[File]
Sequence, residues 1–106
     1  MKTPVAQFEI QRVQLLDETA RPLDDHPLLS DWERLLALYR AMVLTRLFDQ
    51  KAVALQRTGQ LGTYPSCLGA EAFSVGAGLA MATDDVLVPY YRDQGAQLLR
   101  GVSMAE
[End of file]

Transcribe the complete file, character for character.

Sequence, residues 1–106
     1  MKTPVAQFEI QRVQLLDETA RPLDDHPLLS DWERLLALYR AMVLTRLFDQ
    51  KAVALQRTGQ LGTYPSCLGA EAFSVGAGLA MATDDVLVPY YRDQGAQLLR
   101  GVSMAE